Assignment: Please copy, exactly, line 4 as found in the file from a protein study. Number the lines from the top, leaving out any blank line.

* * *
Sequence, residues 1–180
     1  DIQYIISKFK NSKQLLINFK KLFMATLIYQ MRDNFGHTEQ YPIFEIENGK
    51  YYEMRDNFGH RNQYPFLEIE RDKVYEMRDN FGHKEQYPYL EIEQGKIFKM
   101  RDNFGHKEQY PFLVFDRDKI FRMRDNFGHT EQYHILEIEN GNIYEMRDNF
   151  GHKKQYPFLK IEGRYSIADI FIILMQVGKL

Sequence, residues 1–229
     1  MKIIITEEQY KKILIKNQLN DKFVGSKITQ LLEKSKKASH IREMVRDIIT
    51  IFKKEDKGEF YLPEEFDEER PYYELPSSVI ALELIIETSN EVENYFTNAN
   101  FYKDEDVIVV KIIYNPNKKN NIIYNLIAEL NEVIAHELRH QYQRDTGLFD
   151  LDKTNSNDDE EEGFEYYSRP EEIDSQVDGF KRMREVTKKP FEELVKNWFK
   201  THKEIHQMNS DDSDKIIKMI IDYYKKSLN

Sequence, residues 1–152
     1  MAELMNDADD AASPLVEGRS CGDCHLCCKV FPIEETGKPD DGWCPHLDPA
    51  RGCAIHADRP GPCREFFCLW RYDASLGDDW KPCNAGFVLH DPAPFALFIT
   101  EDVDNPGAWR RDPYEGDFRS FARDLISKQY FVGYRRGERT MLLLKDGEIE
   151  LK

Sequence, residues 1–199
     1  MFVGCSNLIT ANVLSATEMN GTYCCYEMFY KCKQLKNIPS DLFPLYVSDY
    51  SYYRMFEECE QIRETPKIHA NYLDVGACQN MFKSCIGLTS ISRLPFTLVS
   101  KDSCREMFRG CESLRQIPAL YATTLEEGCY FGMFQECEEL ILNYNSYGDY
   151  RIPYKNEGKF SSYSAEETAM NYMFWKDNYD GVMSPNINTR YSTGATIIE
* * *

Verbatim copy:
   101  RDNFGHKEQY PFLVFDRDKI FRMRDNFGHT EQYHILEIEN GNIYEMRDNF